Wednesday, December 2, 2009

Weight-loss diets best when matched to patient preferences.(ENDOCRINOLOGY). USA, LLC

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BOSTON -- The most successful diet for weight loss is the one that patients will stick with, provided that it has a balance of protein, fats, and carbohydrates.

"Successful diets for weight loss can emphasize a large range of macronutrient intakes," Dr. Frank Sacks said at a symposium sponsored by the International Atherosclerosis Society.

"Diets should be made with foods that reduce the risk of cardiovascular events in and of themselves," added Dr. Sacks, professor of cardiovascular disease prevention at the Harvard School of Public Health in Boston.

In one study, a low-carbohydrate ketogenic (Atkins) diet produced a greater degree of weight loss over 6 months than did a low-fat diet. But the ketogenic diet was associated with more adverse events, including constipation, halitosis, myalgia, and headache (Ann. Intern. Med. 2004;140:769-77).

In a separate, 1-year trial comparing a low-carbohydrate Atkins-style diet with a low-fat diet, patients on the former lost weight more quickly during the first 6 months, but then began to gain it back. Patients on the low-fat diet had a steady and continual decline in weight over 1 year, with the two curves converging so that weight loss between the groups was similar at the end of the study (Ann. Intern. Med. 2004;140;778-85).

"You wonder if the curves are going to converge at some point, and is the tortoise going to catch up with the hare," Dr. Sacks said in commenting on that study.

Dr. Sacks and his colleagues took a different approach in a 2001 pilot study that compared a Mediterranean-style diet with moderate fat levels to a low-fat diet (Int. J. Obes. Relat. Metab. Disord. 2001;25:1503-11).

Dieters in both groups lost a mean of about 13.5 pounds within 6 months. But patients on the low-fat diet began to regain more weight, and at 18 months their mean weight loss was only about 6 pounds from baseline, while patients on the moderate-fat diet maintained a mean weight loss of 11 pounds from baseline. Only 20% of patients randomized to the low-fat diet were still on it 18 months later, compared with 54% of those randomized to the moderate-fat arm. In both arms, patients who dropped out had a net gain of 9 pounds over starting weight at 18 months, while those who stayed in the program--low-fat or high-fat--had a net loss of 11 pounds.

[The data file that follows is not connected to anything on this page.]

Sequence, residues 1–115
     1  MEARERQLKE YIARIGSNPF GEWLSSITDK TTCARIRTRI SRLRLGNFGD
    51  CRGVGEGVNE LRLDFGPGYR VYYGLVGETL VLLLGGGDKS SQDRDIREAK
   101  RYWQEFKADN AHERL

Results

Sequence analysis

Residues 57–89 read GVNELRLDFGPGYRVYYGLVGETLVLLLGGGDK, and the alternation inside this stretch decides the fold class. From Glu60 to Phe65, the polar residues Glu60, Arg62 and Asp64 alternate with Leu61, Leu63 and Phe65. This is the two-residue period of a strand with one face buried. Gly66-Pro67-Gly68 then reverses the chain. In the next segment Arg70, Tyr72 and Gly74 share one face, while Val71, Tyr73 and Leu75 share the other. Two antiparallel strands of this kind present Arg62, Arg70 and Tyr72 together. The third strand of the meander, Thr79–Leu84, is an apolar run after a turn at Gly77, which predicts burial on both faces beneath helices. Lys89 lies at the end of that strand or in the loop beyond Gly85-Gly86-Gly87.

A common problem with comparative weight-loss trials is that there is no obvious pattern of results favoring a specific fat, carbohydrate, or protein content for weight loss. Also, many diets induce weight loss over 3-6 months, but the loss is not sustained for 1 or 2 years. In addition, up to half of all participants in some studies drop out, and study results may be influenced by the novelty of diets, marketing, or media attention, he said.

To try to cut through the background noise, Dr. Sacks and his colleagues conducted the 2-year PoundsLost study comparing four diets (N. Engl. J. Med. 2009; 360:859-73) The investigators randomly assigned 811 overweight adults to one of four diets, with targeted percentages of energy derived from fat, protein, and carbohydrates, respectively, of 20%, 15%, and 65%; 20%, 25%, and 55%; 40%, 15%, and 45%; or 40%, 25%, and 35%. Foods were similar among the four diets, and participants were offered group and individual weight-loss instruction sessions for the duration of the study.

At 2 years, there were no significant differences in weight loss between the 20% and 40% fat-content diets, 15% and 25% protein-content diets, or 35% and 65% carbohydrate diet. About 80% of all participants completed the study, and satiety, hunger, satisfaction with the diet, and attendance at group sessions were similar among all diet groups. The authors found that educational support was a strong predictor of weight loss, with each session attended associated with an average 0.2 kg weight loss. All of the diets improved lipid levels and fasting insulin levels.

"We feel these results have an optimistic message for people," Dr. Sacks said. "Successful diets for weight loss can be tailored to an individual's personal and cultural preferences to achieve long-term success. It's not so important to focus on particular contents of fat or protein, but more on what people feel comfortable with and can sustain for the long run."

Dr. Sacks reported that he has received consulting fees and/or performed contracted research for ISIS and Genzyme.

Source Citation
Osterweil, Neil. "Weight-loss diets best when matched to patient preferences." Internal Medicine News 42.14 (2009): 10. Academic OneFile. Web. 2 Dec. 2009. .

Gale Document Number:A206804569

Disclaimer:This information is not a tool for self-diagnosis or a substitute for professional care.

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